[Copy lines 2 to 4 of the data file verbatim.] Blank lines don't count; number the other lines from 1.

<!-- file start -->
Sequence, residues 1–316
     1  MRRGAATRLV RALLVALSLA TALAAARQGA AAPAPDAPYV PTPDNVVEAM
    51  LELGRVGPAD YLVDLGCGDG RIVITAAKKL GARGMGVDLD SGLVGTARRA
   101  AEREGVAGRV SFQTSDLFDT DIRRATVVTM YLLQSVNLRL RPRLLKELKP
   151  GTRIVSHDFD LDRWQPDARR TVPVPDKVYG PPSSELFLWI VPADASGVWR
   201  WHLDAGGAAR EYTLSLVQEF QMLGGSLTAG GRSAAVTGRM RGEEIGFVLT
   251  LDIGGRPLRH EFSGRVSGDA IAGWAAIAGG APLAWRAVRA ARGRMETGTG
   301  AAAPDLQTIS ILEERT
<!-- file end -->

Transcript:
     1  MRRGAATRLV RALLVALSLA TALAAARQGA AAPAPDAPYV PTPDNVVEAM
    51  LELGRVGPAD YLVDLGCGDG RIVITAAKKL GARGMGVDLD SGLVGTARRA
   101  AEREGVAGRV SFQTSDLFDT DIRRATVVTM YLLQSVNLRL RPRLLKELKP